Alpine Grizzled Skipper

Pyrgus andromedae


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Pyrgus andromedae

Switzerland, June 2015

Pyrgus andromedae

Switzerland, June 2015



Switzerland, July 2013

Pyrgus andromedae

Switzerland, July 2019

Pyrgus andromedae

Switzerland, July 2019



Switzerland, June 2011

Pyrgus andromedae

Switzerland, July 2013

Pyrgus andromedae

Switzerland, July 2013



Switzerland, June 2011



Switzerland, June 2011



Switzerland, June 2011



Switzerland, June 2011

Pyrgus andromedae distribution

Distribution

In the mountains of central and southern Europe, this is a high-altitude butterfly, found typically from 1500m to 2500m, though up to 3000m in places. In Scandinavia, like many northern species, it flies much closer to sea level, and not higher than 1000m. It is a local butterfly but widespread and relatively common. I know several places where I can reliably expect to see it in Switzerland. It is one of the earlier of the high mountain butterflies, appearing on the wing as early as May in years when the snow melts early - more commonly June - and usually over by the end of July.

Although superficially very similar to other Pyrgus species, the alpine grizzled skipper is quite unmistakable when you are familiar with it. On the upperside, the basal spots in ss.1 and 2 are elongate and there is usually a third spot above them, completing the series with the cell spot. This third spot is not always obvious in weakly marked individuals. Males are quite heavily suffused whitish, giving them a 'cold' appearance. The hindwing markings are diffuse and nebulous, the submarginal spots resembling (to me) a diaphanous veil. If you examine the second picture above I think you will see exactly what I mean. Beneath, the markings are also cold - white on dull green. The spots in s.1 of the hindwing are often likened to an exclammation mark - a spot and a streak. This is not entirely apt but these markings are distinctive nonetheless. They are sometimes joined along the inner edge of the hindwing.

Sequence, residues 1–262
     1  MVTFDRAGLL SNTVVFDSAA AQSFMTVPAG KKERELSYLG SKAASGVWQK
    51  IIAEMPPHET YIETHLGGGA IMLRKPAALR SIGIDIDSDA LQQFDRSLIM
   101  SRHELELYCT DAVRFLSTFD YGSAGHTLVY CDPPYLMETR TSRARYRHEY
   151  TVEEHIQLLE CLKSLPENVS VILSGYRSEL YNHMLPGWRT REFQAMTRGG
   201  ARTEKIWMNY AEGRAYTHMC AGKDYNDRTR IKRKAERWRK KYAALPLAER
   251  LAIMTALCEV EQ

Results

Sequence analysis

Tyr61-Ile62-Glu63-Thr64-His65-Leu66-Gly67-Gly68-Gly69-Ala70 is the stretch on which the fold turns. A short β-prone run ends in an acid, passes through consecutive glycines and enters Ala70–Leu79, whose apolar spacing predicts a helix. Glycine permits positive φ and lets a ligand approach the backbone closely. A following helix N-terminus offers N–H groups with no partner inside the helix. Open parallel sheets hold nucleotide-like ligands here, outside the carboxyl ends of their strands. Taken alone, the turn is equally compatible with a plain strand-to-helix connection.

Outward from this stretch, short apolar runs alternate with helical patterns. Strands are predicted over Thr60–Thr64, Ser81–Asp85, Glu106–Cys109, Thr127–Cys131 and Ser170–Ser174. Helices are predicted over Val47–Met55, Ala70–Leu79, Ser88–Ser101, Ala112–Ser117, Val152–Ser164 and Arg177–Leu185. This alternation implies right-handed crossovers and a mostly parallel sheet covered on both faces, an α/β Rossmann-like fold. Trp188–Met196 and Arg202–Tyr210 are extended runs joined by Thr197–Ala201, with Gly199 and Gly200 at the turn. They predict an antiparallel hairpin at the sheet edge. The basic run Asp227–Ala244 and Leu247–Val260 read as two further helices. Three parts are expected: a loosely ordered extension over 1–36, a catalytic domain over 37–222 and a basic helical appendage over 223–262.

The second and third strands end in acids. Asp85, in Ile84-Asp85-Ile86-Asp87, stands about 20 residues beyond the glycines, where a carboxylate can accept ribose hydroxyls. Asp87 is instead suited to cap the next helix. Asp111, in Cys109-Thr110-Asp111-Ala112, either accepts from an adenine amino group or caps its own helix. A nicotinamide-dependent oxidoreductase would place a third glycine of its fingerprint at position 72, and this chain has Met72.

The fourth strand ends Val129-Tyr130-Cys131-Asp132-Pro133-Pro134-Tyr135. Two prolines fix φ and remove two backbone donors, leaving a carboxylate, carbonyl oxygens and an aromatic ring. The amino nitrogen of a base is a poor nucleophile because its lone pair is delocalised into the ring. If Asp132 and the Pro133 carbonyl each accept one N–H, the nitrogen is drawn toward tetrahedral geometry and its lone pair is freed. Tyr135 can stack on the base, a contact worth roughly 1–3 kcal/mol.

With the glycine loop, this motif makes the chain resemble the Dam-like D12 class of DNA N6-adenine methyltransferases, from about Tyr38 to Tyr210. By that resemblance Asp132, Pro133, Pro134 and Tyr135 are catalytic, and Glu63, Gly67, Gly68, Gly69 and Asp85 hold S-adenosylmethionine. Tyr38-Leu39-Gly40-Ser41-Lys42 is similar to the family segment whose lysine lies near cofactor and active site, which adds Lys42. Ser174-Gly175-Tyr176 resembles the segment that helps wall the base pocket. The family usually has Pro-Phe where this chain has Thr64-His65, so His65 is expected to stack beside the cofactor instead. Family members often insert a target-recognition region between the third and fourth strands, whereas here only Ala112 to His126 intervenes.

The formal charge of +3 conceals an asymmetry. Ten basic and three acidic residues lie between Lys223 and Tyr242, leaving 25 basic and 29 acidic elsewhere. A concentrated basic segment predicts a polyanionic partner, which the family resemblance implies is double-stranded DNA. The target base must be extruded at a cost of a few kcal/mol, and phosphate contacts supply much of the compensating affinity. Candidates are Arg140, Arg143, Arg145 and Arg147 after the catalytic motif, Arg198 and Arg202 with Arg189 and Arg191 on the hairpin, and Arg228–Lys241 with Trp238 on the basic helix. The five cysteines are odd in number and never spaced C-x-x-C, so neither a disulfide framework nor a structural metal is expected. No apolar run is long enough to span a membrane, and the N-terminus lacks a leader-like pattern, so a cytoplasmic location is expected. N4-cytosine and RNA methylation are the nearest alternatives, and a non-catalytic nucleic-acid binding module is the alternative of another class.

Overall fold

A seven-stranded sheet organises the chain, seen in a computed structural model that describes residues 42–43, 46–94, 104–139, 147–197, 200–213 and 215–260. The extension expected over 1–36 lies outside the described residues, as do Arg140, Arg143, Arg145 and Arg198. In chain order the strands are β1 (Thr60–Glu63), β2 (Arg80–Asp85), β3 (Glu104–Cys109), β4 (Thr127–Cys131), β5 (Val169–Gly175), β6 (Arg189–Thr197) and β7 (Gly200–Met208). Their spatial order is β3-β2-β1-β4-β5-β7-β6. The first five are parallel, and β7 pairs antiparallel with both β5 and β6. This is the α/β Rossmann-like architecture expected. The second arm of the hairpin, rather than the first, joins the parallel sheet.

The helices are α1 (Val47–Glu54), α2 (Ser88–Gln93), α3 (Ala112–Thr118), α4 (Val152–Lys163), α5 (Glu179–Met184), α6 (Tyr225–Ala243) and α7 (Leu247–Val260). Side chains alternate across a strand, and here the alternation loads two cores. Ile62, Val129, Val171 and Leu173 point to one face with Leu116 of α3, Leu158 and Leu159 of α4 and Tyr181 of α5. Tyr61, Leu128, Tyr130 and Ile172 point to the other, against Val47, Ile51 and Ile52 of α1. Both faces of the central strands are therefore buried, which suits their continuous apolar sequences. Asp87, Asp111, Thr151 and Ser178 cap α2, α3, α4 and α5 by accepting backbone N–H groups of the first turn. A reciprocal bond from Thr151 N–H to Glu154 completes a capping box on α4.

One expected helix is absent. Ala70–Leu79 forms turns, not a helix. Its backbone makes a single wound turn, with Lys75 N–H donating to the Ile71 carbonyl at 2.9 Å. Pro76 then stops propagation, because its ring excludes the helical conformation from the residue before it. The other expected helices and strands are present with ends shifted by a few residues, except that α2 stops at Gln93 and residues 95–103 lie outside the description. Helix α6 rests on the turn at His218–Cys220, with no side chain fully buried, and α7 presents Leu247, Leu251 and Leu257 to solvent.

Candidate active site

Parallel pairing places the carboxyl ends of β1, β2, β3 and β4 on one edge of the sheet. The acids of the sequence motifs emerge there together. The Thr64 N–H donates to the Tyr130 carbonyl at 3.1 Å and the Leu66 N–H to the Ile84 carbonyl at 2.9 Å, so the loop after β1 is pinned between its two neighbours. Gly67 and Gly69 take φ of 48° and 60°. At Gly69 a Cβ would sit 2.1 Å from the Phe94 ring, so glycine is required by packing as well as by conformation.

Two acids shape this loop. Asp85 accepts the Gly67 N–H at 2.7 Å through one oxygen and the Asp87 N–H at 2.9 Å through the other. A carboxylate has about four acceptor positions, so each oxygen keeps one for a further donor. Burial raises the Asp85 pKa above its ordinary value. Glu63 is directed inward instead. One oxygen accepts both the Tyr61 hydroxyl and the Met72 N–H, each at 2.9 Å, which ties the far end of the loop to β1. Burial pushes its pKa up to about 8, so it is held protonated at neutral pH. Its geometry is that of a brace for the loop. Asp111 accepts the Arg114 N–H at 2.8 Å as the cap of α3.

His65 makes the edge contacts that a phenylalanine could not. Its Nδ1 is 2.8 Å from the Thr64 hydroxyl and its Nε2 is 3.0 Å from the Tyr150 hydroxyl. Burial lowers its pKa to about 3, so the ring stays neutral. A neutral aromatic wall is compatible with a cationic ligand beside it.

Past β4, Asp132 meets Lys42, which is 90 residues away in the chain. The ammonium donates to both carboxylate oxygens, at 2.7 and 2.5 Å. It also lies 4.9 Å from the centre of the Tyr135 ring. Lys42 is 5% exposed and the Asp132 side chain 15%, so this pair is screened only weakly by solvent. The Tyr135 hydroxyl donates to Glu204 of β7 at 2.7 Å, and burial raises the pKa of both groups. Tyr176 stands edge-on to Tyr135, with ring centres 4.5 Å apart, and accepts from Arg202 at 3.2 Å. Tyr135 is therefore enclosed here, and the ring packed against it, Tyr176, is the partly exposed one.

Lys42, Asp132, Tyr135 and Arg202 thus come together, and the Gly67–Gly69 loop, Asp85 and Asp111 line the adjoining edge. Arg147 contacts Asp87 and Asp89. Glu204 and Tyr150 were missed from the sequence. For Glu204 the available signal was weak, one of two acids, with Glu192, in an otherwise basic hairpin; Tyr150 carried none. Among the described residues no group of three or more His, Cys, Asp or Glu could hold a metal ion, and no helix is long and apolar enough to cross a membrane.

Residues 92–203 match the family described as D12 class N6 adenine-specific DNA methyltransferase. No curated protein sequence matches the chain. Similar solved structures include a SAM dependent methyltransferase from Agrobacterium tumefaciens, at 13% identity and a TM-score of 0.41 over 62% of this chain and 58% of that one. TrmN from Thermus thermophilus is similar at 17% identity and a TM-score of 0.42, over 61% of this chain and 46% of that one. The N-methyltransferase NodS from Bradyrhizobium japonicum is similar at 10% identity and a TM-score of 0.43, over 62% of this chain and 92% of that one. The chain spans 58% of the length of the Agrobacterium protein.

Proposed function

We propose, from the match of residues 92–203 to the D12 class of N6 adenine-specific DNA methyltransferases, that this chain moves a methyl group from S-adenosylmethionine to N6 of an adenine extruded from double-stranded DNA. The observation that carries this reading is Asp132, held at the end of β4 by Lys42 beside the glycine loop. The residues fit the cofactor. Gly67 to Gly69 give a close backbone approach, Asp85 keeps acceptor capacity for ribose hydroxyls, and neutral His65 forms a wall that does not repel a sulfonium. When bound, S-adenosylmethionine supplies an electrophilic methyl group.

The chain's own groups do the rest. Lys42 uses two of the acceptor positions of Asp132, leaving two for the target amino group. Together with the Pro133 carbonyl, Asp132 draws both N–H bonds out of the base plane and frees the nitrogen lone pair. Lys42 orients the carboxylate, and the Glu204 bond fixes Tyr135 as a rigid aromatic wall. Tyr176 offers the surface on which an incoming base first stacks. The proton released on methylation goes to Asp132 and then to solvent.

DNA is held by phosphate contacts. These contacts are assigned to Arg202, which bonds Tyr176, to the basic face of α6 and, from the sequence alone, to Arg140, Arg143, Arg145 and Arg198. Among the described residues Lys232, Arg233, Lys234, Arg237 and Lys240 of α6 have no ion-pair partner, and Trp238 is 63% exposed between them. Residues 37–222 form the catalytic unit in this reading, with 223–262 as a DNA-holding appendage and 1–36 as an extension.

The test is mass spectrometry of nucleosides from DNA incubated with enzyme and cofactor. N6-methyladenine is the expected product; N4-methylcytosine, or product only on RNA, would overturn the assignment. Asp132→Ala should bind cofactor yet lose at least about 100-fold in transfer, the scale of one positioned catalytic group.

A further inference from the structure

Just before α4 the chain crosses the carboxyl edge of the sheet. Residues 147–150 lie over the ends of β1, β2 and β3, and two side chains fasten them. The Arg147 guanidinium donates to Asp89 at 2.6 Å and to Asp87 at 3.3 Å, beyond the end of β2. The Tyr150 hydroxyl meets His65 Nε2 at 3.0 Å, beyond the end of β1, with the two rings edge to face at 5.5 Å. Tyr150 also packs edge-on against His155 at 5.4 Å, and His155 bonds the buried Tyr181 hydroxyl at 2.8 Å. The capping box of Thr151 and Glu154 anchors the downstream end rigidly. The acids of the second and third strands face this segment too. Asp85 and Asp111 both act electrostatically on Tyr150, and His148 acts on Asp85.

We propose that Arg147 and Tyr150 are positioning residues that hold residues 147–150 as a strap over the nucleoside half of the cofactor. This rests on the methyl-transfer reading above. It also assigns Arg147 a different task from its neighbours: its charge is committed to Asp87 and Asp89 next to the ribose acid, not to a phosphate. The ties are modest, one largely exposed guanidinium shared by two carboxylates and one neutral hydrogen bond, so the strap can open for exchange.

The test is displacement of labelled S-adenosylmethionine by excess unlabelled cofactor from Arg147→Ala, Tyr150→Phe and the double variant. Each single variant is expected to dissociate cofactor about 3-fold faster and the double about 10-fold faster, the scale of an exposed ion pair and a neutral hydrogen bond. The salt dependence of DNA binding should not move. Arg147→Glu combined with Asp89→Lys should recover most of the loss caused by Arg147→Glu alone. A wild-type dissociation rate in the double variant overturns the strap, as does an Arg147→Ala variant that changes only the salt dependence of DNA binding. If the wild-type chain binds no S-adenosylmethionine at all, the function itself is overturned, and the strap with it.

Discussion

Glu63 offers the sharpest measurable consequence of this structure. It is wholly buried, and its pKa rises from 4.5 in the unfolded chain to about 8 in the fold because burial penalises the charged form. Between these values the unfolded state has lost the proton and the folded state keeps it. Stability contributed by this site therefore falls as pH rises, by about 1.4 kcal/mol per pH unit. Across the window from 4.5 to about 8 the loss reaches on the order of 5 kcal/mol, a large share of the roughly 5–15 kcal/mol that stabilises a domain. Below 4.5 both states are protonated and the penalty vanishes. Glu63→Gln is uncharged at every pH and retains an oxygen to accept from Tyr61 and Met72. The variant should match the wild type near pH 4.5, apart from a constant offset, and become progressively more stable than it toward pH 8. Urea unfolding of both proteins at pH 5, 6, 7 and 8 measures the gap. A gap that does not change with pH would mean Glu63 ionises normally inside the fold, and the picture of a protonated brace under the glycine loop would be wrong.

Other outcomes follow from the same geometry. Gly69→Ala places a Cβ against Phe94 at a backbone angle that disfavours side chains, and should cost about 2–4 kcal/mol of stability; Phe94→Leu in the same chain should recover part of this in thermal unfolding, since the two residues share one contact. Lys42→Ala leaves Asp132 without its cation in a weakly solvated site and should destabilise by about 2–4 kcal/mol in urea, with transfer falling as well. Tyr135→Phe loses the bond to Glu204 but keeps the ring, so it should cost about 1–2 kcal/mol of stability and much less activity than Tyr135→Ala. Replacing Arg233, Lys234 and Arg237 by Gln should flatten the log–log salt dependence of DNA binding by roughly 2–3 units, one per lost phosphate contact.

The foodplants are Potentilla species - Potentilla erecta in Switzerland. Lafranchis states that Dryas octopetala is used in Austria. The species hibernates as a caterpillar and flies in a single generation.